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From Home Furnishing Business

Rent—The New Dream


Over the past five years the housing industry has seen the number of renters in all ages and income levels increase.

While the housing market crash was a huge catalyst with staggering foreclosures and short sales, many potential homebuyers are continuing to forgo purchasing and are turning to rentals. Who are those opting to rent today compared to five years ago?

The ages, marital status, and income levels are somewhat surprising. Recently released American Community Survey conducted by the Census Bureau, tracks the profiles of homeowners and renters.


Householders by Age

In the five-year period from 2009 to 2014, every age group saw an increase in the number of households renting versus owning. In addition, age groups under 55 years all experienced double-digit decreases in the number of homes owned.

Total households grew 3.2 percent; however, owner-occupied units fell 1.3 percent while apartment and home rentals climbed 11.4 percent.

For homeownership, the largest segment continues to be the 65-and-over age group, while the under 35 set is the largest rental group. Table A shows the percent of owner and renter occupied units by age group.



The shift in rental versus ownership is unique to each age group.


Under 35 Years—Young Millennial householders under age 35 are traditional apartment renters. More than 68 percent of the age group rent apartment and homes.

These young adults have been slow to form households in the last five years choosing instead to return to parent homes or a roommate scenario. The under 35-year-olds have decreased their ownership of housing by 16.7 percent from 2009 to 2014 while renters have increased 2.0 percent.


Ages 35 to 44—During the recovery from the recession, many young families were squeezed out of the housing market due to tight money and job instability. Table C shows that homebuyers in this age group in 2009 were overwhelmingly home owners—63.4 percent. In 2014 that figure had fallen significantly to 57 percent of the households.


Ages 45 to 54—As many in age group 45 to 54 typically upgrade housing, ownership has fallen 10.3 percent from 2009 to 2014 as renting picks up that loss—gaining 10.9 percent of occupied housing units more than 5 years. However, these mature homeowners still own 68.2 percent of their homes, down from 72.9 percent in 2009.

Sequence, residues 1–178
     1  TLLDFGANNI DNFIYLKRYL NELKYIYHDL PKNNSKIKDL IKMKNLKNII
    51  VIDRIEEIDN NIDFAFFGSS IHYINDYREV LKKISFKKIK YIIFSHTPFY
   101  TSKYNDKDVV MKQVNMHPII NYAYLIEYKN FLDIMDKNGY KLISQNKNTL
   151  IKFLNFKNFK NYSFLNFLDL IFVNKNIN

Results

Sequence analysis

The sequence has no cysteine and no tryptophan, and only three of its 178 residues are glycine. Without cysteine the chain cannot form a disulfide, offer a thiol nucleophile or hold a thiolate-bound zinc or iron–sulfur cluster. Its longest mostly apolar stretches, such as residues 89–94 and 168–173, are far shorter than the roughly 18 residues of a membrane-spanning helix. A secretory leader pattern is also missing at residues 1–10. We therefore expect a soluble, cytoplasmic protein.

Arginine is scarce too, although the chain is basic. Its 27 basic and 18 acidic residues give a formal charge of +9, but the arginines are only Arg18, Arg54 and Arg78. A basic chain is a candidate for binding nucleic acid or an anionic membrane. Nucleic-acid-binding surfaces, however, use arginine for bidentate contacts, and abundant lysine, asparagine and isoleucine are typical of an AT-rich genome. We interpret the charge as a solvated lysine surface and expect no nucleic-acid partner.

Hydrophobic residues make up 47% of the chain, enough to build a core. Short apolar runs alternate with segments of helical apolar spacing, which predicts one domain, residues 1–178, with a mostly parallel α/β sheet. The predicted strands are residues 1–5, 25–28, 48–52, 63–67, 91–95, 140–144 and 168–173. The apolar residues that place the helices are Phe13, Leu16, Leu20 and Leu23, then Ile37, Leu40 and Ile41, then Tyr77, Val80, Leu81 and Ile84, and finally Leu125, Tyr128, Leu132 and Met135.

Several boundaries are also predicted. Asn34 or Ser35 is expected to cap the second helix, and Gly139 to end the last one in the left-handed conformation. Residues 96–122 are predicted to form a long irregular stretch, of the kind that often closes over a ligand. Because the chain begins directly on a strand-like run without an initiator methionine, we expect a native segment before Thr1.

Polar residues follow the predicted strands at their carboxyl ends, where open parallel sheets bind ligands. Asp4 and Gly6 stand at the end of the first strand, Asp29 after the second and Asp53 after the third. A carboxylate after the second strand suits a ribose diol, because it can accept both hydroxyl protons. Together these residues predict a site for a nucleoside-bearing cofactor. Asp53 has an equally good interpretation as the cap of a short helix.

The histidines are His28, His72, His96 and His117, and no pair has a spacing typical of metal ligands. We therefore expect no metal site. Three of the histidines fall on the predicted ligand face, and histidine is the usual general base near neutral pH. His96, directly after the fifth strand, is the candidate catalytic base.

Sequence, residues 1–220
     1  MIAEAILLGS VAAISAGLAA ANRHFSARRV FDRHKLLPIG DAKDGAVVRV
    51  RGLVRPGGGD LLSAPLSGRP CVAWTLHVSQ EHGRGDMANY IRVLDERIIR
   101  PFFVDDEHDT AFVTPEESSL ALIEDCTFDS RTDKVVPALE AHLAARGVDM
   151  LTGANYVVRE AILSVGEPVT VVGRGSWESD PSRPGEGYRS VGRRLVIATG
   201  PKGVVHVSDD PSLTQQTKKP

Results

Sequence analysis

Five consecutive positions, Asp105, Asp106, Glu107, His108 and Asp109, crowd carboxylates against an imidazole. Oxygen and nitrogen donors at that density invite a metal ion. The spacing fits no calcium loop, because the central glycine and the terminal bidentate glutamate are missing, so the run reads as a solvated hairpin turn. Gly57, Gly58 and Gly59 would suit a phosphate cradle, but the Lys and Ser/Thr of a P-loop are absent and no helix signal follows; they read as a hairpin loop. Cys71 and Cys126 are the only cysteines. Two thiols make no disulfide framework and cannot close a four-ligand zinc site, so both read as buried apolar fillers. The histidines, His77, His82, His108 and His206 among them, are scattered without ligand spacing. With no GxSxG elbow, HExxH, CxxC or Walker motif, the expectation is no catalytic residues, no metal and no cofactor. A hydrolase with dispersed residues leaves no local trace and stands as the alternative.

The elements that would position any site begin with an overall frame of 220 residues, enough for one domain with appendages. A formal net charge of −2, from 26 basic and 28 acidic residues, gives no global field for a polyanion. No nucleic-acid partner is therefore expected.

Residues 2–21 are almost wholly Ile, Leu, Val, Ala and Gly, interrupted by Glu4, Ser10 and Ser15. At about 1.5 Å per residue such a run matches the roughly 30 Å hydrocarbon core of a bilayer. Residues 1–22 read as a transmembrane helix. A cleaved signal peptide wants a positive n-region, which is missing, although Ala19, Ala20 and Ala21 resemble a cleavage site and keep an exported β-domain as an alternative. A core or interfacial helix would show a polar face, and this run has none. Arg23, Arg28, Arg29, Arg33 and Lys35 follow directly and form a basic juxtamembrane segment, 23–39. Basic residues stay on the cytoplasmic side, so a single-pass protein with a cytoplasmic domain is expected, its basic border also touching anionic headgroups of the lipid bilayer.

Ages 55 to 64—While ages 55 to 64, the core of the Baby Boomers, increased the amount of owner occupied housing units by 8.7 percent, renter occupied housing units have risen by 30.7 percent from 2009 to 2014. Only a quarter of these householders rent apartments.


Ages 65 and Over—As Baby Boomers move into the older age group, a rising need for senior and assisted living rentals is occurring. A jump of 21 percent in renters occurred from 2009 to 2014 alongside a growth of 14.7 percent in those owning their own residence. Seniors 65 and over are the largest segment of homeowners and almost 80 percent own their own homes.



Household Characteristics

The mix of household characteristics between owners and renters has changed little in five years. As expected, married-couple families are the majority of owner-occupied housing units— accounting for 60 percent in 2014. Surprisingly, householders living alone make up 27.8 percent of all housing units. The following Table H shows the breakdown of owner and renter housing units by household characteristic 2009 to 2014.


Financial Characteristics of Householders

Overall, apartment dwelling is increasing across all income levels 2009 to 2014. Households with incomes under $100,000 have been slowly migrating away from homeownership toward apartments. For incomes $50,000 to $99,999, ownership decreased by 6 percent while rentals increased 23.9 percent. The number of housing units with income under $50,000 declined in total 3.6 percent, with owner occupied units taking the hit. This income group makes up 65.8 percent of rental units.

Table H shows the percentage of housing units owned versus rented by income group for 2009, while Table I shows 2014—depicting the apartment growth in the two lower income groups.


Return to Homeownership

At the end of the second quarter in June, the rate of homeownership fell to its lowest level in 48 years, 63.5 percent. Several indicators point to homeowners taking back some market share in 2016 and beyond. The job market is improving, homebuilding is gearing up, and credit is projected to loosen. Household formations are currently growing by leaps and bounds. Census Bureau figures show year-over-year household formation topping one million for three straight quarters. Both owner occupied homes and rentals should benefit.

Most Americans have looked at homeownership as part of the American dream. However, many Millennials have witnessed during the recession and recovery the darker side of homeownership and see home buying as a risky investment. They may be slow to go all in.


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